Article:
16. "Lissett - Littleport," in A Topographical Dictionary of England, ed. Samuel Lewis (London: S Lewis, 1848), 101-104. British History Online, accessed August 26, 2021, http://www.british-history.ac.uk/topographical-dict/england/pp101-104.
  17. "Stoak - Stocklinch, Ottersay," in A Topographical Dictionary of England, ed. Samuel Lewis (London: S Lewis, 1848), 207-209. British History Online, accessed September 9, 2021, http://www.british-history.ac.uk/topographical-dict/england/pp207-209.
  18. Stephen (c. 1092–1154). Published 23 September 2004. Oxford Dictionary of National Biography, oxforddnb.com.
  19. Sewell, Richard Clarke, 1803-1864. Gesta Stephani, regis Anglorum, et ducis Normannorum. Published by Londini, sumptibus Societatis, 1846. archive.org.
  20. "The chronicle: 1133-86," in Annales Cestrienses Chronicle of the Abbey of S. Werburg, At Chester, ed. Richard Copley Christie (London: Record Society of Lancashire and Cheshire, 1887), 20-35. British History Online, accessed September 12, 2021, http://www.british-history.ac.uk/lancs-ches-record-soc/vol14/pp20-35.
  21. Find a Grave, database and images (https://www.findagrave.com/memorial/8619917/matilda-of_england : accessed 08 September 2021), memorial page for Matilda “Empress Maud” of England (7 Feb 1102–10 Sep 1167), Find a Grave Memorial ID 8619917, citing Cathédrale Notre-Dame de Rouen, Rouen, Departement de la Seine-Maritime, Haute-Normandie, France ; Maintained by Find A Grave. Find A Grave: Memorial #8619917
  • Royal Ancestry" 2013 by Douglas Richardson Vol. I, page 18-20
  • Royal Ancestry" 2013 Douglas Richardson Vol. I. page 159, 197, 448, 479, and 536

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Comments: 39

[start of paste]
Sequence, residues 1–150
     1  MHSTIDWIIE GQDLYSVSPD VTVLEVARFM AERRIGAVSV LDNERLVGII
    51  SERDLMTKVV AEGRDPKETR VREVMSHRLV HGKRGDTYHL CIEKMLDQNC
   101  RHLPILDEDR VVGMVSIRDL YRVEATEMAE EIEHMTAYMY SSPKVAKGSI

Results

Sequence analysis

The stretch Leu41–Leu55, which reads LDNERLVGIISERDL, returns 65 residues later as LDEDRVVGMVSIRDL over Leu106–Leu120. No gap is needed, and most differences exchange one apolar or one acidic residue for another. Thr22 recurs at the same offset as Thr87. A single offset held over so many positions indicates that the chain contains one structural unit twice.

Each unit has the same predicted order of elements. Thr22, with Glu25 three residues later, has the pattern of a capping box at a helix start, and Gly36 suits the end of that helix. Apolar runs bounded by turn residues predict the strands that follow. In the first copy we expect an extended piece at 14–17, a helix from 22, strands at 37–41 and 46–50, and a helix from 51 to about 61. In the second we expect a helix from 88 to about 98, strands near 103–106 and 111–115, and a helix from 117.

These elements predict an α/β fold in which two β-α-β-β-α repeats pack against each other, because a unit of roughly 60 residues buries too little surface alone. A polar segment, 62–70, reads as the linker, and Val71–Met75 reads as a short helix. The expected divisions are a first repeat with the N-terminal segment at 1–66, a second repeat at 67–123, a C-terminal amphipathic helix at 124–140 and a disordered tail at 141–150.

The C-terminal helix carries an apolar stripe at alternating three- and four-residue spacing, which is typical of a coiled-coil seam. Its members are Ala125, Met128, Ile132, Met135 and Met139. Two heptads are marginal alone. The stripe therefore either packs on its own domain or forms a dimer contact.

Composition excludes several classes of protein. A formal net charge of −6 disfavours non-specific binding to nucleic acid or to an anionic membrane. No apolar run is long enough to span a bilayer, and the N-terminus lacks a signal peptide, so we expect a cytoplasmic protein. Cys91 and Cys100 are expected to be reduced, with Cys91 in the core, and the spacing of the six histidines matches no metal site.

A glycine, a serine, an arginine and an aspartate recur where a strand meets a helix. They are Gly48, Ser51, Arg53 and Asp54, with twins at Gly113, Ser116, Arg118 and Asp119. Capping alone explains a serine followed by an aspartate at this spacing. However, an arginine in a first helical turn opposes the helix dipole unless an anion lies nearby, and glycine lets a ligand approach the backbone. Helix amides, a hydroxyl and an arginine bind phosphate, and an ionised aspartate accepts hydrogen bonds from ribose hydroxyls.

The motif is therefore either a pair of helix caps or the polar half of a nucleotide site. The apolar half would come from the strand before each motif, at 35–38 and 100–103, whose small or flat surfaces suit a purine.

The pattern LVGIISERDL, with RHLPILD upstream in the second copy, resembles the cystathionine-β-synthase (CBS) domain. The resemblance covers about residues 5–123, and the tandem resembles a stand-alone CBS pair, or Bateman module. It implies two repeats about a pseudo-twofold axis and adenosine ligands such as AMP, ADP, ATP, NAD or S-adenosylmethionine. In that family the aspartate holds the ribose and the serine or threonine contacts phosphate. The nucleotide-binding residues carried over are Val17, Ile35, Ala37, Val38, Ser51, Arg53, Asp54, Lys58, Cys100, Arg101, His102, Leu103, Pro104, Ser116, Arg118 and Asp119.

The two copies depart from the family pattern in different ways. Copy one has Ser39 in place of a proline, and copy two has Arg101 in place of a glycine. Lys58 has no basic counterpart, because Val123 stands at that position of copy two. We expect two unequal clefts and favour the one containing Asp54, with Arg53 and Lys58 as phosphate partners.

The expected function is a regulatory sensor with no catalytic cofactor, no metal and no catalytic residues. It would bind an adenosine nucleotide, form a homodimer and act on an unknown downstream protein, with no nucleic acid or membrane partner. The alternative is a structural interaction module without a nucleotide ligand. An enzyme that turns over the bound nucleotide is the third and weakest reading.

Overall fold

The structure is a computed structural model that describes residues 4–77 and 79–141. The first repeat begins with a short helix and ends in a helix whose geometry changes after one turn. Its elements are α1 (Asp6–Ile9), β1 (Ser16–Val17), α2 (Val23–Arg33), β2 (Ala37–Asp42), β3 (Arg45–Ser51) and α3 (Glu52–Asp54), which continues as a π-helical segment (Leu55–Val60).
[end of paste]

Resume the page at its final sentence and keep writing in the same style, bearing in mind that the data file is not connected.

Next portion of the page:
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Hello, Profile Managers, I plan to update Matilda's profile on behalf of the England Project Managed Profiles team. If you have any reliable sources please let me know.

Laura

posted by Laura DeSpain
Thanks Laura for taking this on. Some suggestions for possible sources -

- Stewart Baldwin's profile for Matilda in The Henry Project https://fasg.org/projects/henryproject/data/matil002.htm

- Oxford Dictionary of National Biography (online) I don't know if you have access or can get access to this but it would definitely have an article about her

- Regesta regum anglo-normannorum 1066-1154, vol. 3 is many of her charters, but this is in Latin that might not be much use, but does have sections in the introduction in English including her administration & household https://archive.org/details/regestaregumangl03grea/page/n33/mode/2up also her itinerary starting on p. xliv

- I also own a book on Medieval Mothering, which has a chapter on 'The Empress Matilda and her sons' by Marjorie Chibnall, which I can have a look at and see if it has anything valuable. She seems to cite her own biography of Matilda a lot.

- The outline itinerary of Henry I, has some mention of Matilda https://archive.org/details/outlineitinerary00farruoft/page/171/mode/1up but you might have enough from other sources.

posted by John Atkinson
edited by John Atkinson
Hi Jo,

I came across this book that mentions Maud, and the other Plantagenets. I just hope it is useful here on her Profile. The annals of England: an epitome of English history, from co[n]temporary writers, the rolls of Parliament, and other public records by Flaherty, William Edward, d. 1878 https://archive.org/details/annalsofenglande01flah/page/236/mode/2up?q=The+Plantagenets

posted by Keith Mann Spencer
If you are related to Empress Maud, rather than post it here (where it will get archived), why not tell everybody about it in our

"How are you related to the Empress Maud, Lady of the English?" post on G2G?

Everyone on WikiTree can see it on G2G, and it's permanent so other cousins descended from Maud can find you in future.

You can also get a personalised sticker from the G2G post for your profile biography showing your relationship with Maud.

Jo, England Project Managed Profiles Team coordinator

posted by Jo Fitz-Henry
edited by Jo Fitz-Henry
Brilliant!! Was just asking Maggie N. how to get one of those Stickers/Symbols for my own Profile. I am a 26th Granddaughter of Empress Maud.
posted by Margaret Ann Mc Nutt